After reading the “Maximum City” by Suketu Mehta, “Love and Longing in Bombay” by Vikram Chandra and ofcourse “Shantaram” by Gregory David Roberts, I was now onto reading yet another book on the Buzzing city of Mumbai- “Saraswati Park” by Anjali Joseph.
This book has been nominated for the Vodafone-Crossword Award for 2011 under Fiction category!
Saraswati Park is a fascinating story about a simple family who call Bombay their home. The book is a vivid description of the city and how many lives are entwined within it..
Saraswati Park is the colony where the protagonists- Mohan & his wife Lakshmi reside. It is where Mohan wakes up every morning and makes tea for himself and his wife without making too much noise, though no matter what lakshmi wakes up and complains of all the clanging 🙂
Saraswati Park is where Ashish goes through a transformation.
Saraswati Park is the place that is the hub of emotions, personalities and a reflection of the city that is alive through the day.
Saraswati Park is like the train journey to Churchgate….the moments where one fights to find a seat.. while other times the train offers solace …
Saraswati Park is a book that is Mohan’s story. Mohan Karekar is a letter writer who helps translate others thoughts into words day in and out, sitting outside the post office. He loves to read, aspires to write a book one day and is very concerned about the changes happening around him.
Lakshmi got up when he opened the cupboard to take out a clean shirt. ‘Every day,’ she observed. She picked up the covered cup of tea and regarded it at arm’s length. She sighed. Mohan began to do up his buttons. The shirt was crisp; it hung at a polite distance from his body. He started to roll up his sleeves, and followed her to the kitchen to point out, ‘But I didn’t wake you.’ She poured the tea into the saucepan and lit the gas. Her eyes were still heavy. ‘That’s what you think,’ she said. ‘You think I don’t hear you, clanging about in the kitchen.’
Mohan and Lakshmi lead a very simple and almost staid life, what with their children being away from home and his job being a monotonous one. Though everything looks happy and dandy, there is a lot brewing underneath, that causes quite a bit of tension between the couple, and it is visible their marriage is crumbling like the words that are stuck in Mohan’s mind.
A group of pigeons flew out of the old tree and into the sky, their wings making the sound of wind on the sea; they criss-crossed each other and made for the west. He tucked the new book under his arm and returned to the station, where a Harbour Line train was pulling into platform two.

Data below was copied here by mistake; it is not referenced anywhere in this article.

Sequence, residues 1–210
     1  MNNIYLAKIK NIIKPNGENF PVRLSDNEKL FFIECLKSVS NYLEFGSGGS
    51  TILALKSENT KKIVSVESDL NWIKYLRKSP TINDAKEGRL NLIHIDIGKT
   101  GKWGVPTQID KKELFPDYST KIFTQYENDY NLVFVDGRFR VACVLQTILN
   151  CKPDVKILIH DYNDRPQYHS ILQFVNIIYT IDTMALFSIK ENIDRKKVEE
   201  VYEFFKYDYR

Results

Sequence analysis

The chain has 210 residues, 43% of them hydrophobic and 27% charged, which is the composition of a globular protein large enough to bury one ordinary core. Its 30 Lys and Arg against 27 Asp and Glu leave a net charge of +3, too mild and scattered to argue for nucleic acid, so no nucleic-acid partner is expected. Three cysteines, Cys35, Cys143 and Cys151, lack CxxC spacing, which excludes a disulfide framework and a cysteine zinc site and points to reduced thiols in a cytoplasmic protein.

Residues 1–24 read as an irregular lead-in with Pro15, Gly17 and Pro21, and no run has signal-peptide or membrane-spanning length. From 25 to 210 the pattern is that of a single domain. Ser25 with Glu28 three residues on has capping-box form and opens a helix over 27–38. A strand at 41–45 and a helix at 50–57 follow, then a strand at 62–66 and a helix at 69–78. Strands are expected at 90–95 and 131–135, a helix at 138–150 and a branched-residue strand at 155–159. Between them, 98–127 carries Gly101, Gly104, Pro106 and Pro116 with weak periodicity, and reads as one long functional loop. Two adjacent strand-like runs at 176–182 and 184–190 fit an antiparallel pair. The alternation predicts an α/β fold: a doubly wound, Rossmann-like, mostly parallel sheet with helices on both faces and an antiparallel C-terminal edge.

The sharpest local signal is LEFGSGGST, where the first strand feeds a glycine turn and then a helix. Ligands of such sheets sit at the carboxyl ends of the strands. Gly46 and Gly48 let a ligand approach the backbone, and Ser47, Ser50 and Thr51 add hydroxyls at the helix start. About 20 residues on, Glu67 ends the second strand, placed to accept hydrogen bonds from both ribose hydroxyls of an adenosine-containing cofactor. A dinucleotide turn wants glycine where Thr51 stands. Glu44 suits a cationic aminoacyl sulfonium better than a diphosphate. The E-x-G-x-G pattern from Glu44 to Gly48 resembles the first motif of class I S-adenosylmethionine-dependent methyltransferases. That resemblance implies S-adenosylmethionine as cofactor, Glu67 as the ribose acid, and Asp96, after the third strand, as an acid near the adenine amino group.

Things do change a bit when Ashish, Mohan’s nephew comes to live with them and hopefully turn his life around, especially studies. Ashish is a 19year old teenager majoring in English literature and going through a confused phase, primarily related to his sexual preferences.
Saraswati Park, the book takes us along the journey that these three different characters go through, giving us a glimpse of what each of their lives are like and what is it that holds them together, or not.
The crux of the book is when Lakshmi’s brother Satish passes away, and Mohan is left to take care of organising the last rites, to being there when the will is executed. Satish leaves all his posessions to Ashish, who is not a blood relative but someone he cares about. With each passing day Mohan immerses himself in the books and writing, almost ignoring Lakshmi and her desiers. Using this as an excuse, Lakshmi goes away to her hometown, leaving Mohan wondering if she is alright and if he has done something to upset her.
After a brief spell of seperation, Mohan finally gives in and goes to bring Lakshmi back where she belongs. All the while Ashish is going through his own set of worries and turmoils, not to forget Professor Narayan who is tutoring him not just in English Literature but on life as well. He is torn between feelings for the Professor, which ends up in heart break when his professor ends all ties with him. Thanks to his friend, Ashish matures and moves on, going to USA for further studies, trying to put the professor episode behind him, albeit with one final phone call while waiting for his flight to board.
Anjali has managed to keep the flow going beautifully, giving us readers something to ponder on with every page. Though the pace of the book is slow and some parts seem lame, it is overall a good read. For people who have been to or lived in Mumbai, the spirit of the city will definitely have them smiling and reminiscing.
Good luck on the award, Anjali!!